and enjoying the quad with my parents

before working on homework while they chilled out in my common room.

We also went out to the Towson Mall; I needed some more “mature” clothing.
(I’m really more of a t-shirt & jeans girl, and have recently found myself lacking in the
“job interview” and “nice occasions” clothes department)

After asking my dad if there was an equation to determine the yield of clothes purchased from clothes chosen (in vain), we decided it was time to eat dinner.

Little did we know of the fates that awaited us at P. F. Chang’s.

It sounds crazy, but I’m pretty sure the fortune cookie writers have had workshops and focus groups to determine which phrases resonate most with customers, because my own and my parents’ fortunes were eerily relevant or accurate to our lifestyles.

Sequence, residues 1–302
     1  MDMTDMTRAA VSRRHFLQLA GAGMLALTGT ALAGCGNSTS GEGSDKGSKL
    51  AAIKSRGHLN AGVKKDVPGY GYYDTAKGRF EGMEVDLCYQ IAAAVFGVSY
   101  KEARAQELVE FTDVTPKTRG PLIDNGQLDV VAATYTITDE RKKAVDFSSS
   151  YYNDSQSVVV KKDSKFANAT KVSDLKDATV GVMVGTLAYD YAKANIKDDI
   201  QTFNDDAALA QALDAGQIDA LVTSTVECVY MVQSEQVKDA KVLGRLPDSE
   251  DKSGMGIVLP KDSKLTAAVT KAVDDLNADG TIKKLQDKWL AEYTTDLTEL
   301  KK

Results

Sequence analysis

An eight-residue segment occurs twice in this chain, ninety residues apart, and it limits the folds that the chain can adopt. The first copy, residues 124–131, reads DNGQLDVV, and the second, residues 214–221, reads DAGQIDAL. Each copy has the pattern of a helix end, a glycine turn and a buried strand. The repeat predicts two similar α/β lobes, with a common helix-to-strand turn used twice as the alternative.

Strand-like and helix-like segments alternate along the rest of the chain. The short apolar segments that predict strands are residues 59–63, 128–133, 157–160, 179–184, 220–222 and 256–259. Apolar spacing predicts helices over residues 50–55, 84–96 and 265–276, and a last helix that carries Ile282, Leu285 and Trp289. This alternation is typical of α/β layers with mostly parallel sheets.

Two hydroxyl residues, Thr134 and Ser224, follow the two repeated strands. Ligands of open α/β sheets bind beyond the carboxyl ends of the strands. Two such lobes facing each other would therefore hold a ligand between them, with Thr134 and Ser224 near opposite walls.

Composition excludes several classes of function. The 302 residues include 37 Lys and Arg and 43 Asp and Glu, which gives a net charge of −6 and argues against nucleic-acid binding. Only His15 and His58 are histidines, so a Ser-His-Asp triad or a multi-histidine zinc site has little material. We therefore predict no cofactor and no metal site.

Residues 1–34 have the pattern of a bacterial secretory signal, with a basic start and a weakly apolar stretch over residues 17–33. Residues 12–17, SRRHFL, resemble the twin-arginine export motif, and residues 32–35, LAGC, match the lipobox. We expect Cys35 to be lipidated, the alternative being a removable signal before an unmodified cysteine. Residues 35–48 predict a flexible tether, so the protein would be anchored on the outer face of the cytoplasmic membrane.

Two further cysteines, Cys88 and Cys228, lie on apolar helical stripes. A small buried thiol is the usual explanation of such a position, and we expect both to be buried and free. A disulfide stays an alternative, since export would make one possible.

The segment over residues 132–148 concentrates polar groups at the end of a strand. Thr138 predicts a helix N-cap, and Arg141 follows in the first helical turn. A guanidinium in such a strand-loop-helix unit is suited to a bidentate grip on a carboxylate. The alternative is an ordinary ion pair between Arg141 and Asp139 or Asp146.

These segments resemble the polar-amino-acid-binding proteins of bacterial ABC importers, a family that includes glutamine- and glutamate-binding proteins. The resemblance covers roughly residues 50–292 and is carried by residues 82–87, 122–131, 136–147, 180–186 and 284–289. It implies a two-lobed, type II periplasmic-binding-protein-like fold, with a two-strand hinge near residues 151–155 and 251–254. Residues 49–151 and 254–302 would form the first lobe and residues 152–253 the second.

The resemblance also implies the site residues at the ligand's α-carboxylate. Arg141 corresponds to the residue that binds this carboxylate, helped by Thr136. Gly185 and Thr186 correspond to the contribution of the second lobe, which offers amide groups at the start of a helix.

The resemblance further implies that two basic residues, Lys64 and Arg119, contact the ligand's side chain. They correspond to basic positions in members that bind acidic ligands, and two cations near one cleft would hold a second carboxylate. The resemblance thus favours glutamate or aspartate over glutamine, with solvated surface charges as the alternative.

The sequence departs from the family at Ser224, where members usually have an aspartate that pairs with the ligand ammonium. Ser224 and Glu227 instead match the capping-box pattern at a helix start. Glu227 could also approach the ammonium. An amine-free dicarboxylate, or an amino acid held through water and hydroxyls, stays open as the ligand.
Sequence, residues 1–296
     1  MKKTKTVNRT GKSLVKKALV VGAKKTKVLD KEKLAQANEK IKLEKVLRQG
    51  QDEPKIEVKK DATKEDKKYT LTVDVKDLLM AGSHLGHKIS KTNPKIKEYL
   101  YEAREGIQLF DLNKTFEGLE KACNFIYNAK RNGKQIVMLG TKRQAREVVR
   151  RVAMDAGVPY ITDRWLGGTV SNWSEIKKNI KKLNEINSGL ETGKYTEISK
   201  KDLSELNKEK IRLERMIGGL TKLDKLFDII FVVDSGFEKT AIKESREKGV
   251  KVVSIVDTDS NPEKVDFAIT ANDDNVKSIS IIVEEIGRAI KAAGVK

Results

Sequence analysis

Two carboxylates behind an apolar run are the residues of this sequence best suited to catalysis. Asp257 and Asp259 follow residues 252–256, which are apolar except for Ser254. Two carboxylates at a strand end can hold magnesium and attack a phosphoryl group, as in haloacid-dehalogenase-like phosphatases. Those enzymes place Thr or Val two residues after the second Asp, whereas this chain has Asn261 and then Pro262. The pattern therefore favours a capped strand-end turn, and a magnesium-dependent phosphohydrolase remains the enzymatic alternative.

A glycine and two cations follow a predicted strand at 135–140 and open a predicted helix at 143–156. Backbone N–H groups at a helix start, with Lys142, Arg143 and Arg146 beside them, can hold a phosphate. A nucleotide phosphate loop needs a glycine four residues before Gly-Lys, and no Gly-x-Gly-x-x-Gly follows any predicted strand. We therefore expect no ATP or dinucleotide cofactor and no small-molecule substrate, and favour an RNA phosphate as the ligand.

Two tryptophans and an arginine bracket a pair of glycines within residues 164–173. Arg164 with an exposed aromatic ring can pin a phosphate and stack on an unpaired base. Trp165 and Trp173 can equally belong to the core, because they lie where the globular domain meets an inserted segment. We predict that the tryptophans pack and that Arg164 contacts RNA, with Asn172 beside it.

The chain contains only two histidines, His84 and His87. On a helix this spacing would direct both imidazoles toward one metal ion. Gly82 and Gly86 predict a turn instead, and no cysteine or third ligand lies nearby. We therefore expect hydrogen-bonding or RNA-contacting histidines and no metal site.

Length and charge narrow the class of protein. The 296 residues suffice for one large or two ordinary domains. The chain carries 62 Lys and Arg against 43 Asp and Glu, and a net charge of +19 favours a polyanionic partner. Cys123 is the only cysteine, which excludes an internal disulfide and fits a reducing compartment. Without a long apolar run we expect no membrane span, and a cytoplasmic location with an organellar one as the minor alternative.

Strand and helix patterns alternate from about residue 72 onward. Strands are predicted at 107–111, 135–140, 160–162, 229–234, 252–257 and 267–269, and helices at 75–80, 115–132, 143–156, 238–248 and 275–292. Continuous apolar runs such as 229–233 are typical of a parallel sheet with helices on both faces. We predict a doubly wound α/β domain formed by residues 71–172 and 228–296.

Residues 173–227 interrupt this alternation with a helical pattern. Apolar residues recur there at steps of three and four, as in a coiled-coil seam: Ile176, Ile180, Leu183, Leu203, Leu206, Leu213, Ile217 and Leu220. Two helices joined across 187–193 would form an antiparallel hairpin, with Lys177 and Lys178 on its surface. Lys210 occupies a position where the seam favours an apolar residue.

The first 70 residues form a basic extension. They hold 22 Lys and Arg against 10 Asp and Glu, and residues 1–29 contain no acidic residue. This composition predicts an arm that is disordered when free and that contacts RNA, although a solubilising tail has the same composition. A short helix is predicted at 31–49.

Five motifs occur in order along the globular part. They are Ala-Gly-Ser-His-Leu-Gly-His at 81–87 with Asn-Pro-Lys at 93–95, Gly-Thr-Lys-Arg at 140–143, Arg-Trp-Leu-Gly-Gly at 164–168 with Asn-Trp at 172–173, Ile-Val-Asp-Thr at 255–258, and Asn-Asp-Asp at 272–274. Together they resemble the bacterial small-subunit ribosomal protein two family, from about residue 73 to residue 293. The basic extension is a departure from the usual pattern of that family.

Mine: Keep your feet on the ground even though friends flatter you.
My mom’s: Learning is a treasure which accompanies us everywhere.
My dad’s: Patience is a key to joy.

How could I apply these indispensable pieces of wisdom to my life?

Patience is truly the key to completing homework, as I try to reassure myself that my History paper is a treasure, and in the end a joyful experience when my professor will (hopefully) flatter me with a good grade.

Maybe fortune cookies and parents teach you more than you expect after all.

Unconventional Study Spots (Lead to Interesting Acquaintances)

Remember how I wrote about my fun, book filled Sunday afternoon?
Well, I’m happy I enjoyed it while I could.
Because then Monday came and I went from

Yeah, 'cause everyone wakes up like this in the morning :P
to

I know I’ve put a very happy, chill kind of spin on Loyola so far, but everyone has a “crazy day.” Or week. Or month. Or semester. Sometimes it gets hard to handle and I wonder Why On Earth Did I Sign Up To Do So Much Stuff.

Just as I convince myself that there are never enough hours in a day to do everything, some little bit of happiness comes my way and makes the stress more bearable.